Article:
“One who eats Matzah on Erev Pesach is as though he cohabited with his betrothed in his father in law’s home”. [Talmud Yerushalmi (Pesachim 10:1)]. While not cited by the Bavli, this quote is cited, or closely paraphrased, by many early halachic authorities (See for example Tur Orach Chaim 471). Indeed over the centuries this ambiguous ruling has been the subject of extensive discussion and debate.
In this brief essay I seek to address but two of the many obvious issues raised by this shocking statement. Firstly, why is one who eats matzah on Erev Pesach likened to an individual who is intimate with his affianced in the home of his father in law? Ordinarily, halachic rulings are presented in standard formulaic fashion. We are instructed in straightforward form about matters declared either prohibited (assur) or permitted (muttar), etc. What is meant by this evocative simile? Secondly, what kind of matzah is the Gemara referring to in this vague ruling? Is all matzah outlawed on the eve of Pesach? Or, is this restriction limited perhaps to only the variety necessary for seder consumption, i.e. shmura matzah?
With regards the second question there exists a dispute. Some (including The Meiri and Tosfos Rid in their respective commentaries to Pesachim 99b, amongst others) insist that only matzah suitable to fulfill the mitzvah on the night of Pesach may not be eaten on Erev Pesach. The Tashbetz (3:260) and Maharam Challavah (to Pesachim 49a) are part of a group who expand the ruling of the Yerushalmi and apply it even to matzah not classified as shmura.
To appreciate the Gemara’s comparison of eating matzah on Erev Pesach to a man engaging in intimate relations in his father in law’s home it is instructive to understand the presumed prohibition of the latter. The Gemara (Yevamos 69b; a similar text with some significant textual differences appears in Kallah Rabbasi 1:16) states the ruling forbidding amorous interactions between a man and his not-yet wife and then records a disagreement between Rav and Shmuel. Rav claims in such a circumstance the child of such a union is a mamzer (illegitimate) and Shmuel maintains the child is a shtuki (an individual whose paternal heritage is deemed unknown).
Both of these opinions are difficult to understand, for if the husband had a marital relationship with his fiancée (as is clearly stated) then it is known he is the father and the child is neither a mamzer, nor a shtuki! The novel teaching of the Gemara is that, contrary to what may seem intuitive, not only is an intimate relationship by an engaged couple before marriage immoral; it has a negative impact on the standing of their child.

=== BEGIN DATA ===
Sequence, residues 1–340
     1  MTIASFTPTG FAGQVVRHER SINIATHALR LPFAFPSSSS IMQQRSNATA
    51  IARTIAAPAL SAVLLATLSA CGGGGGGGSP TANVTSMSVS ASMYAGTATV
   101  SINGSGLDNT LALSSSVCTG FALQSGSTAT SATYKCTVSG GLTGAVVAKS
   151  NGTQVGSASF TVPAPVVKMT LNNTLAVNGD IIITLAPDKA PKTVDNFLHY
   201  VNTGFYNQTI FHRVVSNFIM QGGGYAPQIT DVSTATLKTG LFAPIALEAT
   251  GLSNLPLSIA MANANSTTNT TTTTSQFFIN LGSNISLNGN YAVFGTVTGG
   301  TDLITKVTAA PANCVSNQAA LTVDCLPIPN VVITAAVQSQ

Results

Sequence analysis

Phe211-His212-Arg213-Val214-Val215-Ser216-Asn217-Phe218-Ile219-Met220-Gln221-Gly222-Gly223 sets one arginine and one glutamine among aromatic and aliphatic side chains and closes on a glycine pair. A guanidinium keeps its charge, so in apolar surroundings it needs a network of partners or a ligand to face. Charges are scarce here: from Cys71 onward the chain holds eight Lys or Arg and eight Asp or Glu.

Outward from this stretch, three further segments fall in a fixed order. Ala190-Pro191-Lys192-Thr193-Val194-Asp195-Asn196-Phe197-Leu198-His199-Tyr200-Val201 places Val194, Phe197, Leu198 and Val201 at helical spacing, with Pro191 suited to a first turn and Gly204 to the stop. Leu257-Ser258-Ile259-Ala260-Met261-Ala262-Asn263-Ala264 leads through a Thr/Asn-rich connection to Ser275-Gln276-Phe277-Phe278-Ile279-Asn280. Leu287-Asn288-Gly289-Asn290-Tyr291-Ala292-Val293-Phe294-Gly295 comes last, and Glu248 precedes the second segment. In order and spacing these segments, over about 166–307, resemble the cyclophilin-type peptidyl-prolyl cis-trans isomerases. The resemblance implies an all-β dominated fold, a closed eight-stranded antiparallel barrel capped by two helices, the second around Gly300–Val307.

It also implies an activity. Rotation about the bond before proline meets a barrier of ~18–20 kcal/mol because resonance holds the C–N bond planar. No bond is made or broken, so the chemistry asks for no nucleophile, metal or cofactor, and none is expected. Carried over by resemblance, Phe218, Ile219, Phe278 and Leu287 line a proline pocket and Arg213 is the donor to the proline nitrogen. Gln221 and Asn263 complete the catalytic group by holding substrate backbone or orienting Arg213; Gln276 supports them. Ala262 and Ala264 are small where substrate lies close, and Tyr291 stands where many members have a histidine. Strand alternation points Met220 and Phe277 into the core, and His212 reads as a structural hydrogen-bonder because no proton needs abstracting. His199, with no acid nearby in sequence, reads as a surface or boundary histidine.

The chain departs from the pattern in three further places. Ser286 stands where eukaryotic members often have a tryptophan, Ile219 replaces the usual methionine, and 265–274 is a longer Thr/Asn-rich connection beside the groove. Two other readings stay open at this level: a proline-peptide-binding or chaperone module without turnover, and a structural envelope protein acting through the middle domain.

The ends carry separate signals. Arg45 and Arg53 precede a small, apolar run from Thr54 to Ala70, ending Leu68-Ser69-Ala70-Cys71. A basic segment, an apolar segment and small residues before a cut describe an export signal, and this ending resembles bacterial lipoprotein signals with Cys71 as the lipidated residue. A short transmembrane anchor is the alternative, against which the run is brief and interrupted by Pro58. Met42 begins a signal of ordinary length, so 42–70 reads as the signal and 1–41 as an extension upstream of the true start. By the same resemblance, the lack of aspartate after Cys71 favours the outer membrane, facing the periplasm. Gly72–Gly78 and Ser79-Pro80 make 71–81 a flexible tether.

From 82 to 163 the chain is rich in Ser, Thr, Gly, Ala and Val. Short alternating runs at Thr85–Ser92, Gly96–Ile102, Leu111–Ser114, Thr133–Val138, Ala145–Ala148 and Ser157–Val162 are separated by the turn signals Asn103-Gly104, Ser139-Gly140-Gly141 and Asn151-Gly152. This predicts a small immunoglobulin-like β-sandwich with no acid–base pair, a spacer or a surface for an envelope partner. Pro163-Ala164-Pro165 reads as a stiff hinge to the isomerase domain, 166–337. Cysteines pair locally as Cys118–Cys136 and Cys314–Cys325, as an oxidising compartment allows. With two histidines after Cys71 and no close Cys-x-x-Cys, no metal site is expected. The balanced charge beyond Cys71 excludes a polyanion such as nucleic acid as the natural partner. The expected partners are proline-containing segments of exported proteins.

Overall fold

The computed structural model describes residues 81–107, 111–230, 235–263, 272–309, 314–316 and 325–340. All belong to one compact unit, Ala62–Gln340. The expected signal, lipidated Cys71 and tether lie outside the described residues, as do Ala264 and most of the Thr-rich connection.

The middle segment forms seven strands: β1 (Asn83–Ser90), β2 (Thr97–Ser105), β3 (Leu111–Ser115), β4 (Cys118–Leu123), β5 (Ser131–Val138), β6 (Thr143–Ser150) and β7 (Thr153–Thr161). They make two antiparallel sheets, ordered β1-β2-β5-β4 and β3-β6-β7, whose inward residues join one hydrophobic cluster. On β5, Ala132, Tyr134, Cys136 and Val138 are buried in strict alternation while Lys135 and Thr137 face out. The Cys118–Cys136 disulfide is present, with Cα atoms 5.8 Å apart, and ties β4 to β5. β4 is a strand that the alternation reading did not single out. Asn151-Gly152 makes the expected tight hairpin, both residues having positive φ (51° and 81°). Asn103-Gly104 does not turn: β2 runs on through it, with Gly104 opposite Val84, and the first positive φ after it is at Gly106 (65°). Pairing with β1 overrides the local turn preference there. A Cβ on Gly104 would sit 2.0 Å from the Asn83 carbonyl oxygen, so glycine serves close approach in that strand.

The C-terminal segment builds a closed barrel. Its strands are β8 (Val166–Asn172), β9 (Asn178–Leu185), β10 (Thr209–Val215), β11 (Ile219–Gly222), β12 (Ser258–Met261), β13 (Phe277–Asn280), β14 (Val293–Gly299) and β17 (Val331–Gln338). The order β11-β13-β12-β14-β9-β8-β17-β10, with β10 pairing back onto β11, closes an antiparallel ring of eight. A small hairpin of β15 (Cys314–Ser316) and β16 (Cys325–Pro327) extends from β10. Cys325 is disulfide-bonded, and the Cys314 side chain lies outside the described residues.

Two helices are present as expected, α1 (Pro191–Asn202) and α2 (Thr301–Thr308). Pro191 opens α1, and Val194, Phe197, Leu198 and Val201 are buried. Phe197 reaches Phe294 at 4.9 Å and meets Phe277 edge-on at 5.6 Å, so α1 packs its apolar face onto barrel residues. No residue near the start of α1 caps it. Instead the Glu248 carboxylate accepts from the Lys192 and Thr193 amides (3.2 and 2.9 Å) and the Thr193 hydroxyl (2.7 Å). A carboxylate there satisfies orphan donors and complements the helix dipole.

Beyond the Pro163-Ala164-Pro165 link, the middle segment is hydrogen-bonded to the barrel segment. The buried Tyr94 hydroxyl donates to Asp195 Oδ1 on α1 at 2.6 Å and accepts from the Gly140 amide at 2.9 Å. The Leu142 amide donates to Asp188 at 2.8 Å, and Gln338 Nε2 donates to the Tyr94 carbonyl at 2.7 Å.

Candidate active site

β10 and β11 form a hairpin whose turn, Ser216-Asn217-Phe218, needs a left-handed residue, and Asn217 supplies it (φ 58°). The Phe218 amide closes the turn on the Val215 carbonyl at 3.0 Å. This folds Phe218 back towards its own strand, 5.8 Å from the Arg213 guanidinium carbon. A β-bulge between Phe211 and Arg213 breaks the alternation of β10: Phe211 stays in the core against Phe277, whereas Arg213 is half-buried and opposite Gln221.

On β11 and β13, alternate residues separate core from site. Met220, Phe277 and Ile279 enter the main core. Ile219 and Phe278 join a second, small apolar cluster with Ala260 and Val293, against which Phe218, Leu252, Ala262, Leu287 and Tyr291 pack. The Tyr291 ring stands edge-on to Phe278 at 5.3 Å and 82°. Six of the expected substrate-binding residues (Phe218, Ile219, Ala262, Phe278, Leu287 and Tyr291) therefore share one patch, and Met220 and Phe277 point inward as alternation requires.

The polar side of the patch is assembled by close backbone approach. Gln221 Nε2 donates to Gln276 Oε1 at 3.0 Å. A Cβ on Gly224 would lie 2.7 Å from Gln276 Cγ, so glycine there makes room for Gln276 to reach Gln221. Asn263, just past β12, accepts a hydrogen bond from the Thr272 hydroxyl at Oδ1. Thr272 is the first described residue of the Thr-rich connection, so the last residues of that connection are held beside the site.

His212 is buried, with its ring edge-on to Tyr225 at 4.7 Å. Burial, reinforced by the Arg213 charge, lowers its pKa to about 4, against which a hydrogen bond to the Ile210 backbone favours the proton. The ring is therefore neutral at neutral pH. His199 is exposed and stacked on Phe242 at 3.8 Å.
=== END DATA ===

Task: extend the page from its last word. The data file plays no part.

Similarly, one might reasonably presume that the decision to eat matzah on Erev Pesach should have no bearing on the actual performance of the mitzvah later on in the evening. No one suggests lighting candles prior to the start of Shabbos or Yom Tov has any adverse halachic impact on the performance of the mitzvah in its proper time. Why is the halacha any different with regards eating matzah on Erev Pesach?
The Gemara’s comparison to a man living together with his future wife in his father in law’s home is not merely for the purpose of reporting a law; it is to tell us about the nature of the law. In the case of the engaged couple their decision to perform an act prior to its permitted time is illegal, so too in the instance of matzah consumption on Erev Pesach. We might be tempted to conclude it is of no consequence. In halachic reality even though the actual act of eating matzah on Pesach night is done in strict accordance with the halacha and all of its attendant details, still the eating of matzah before nightfall of that evening is not allowed.
The Teshuvos HaGeonim in its commentary to the Gemara in Yevamos explains Rav’s reasoning; when a woman gets betrothed she becomes prohibited to all men before marriage; hence, any child she bears from a union after her betrothal, but before her marriage, is assumed illegitimate. The Nimukei Yosef to Yevamaos (Rif 23a) claims Rav rules such a child is a mamzer because while we presume all acts of cohabitation after marriage occur between legally wedded husband and wife, the same assumption does not apply to an engaged couple. In the former instance any child born from the relationship is presumed theirs, in the latter the child is labeled a mamzer.
The Teshuvos Hageonim’s explanation of Rav’s opinion aligns with the view that on Erev Pesach ALL matzah should not be consumed, because just as betrothal creates a circumstance wherein all relationships are outlawed, so too on Erev Pesach no matzah of any kind may be consumed for the obligation to eat matzah at night disallows any type of matzah to be eaten on the eve preceding the Seder. The position permitting non shmura matzah to be eaten on Erev Pesach is consistent with the approach of the Nimukei Yosef, who explains Rav’s stringent ruling to stem from the fact that this man romantically involved himself with the woman he is destined to marry before the approved time. Similarly, those who posit matzah which is not shmura may be eaten on Erev Pesach explain their leniency in a likeminded way. Only the matzah which one must eat on the night of Pesach, i.e.shmura matzah, is prohibited on Erev Pesach.
Rabbi Avraham Shmidman, a musmach of RIETS and past editor in chief of Beis Yitzchok and co-editor of Zichron HaRav, served as spiritual leader of Knesseth Israel Congregation in Birmingham, Alabama for nine years before assuming his current post ten years ago as rabbi of Lower Merion Synagogue in Bala Cynwyd Pennsylvania.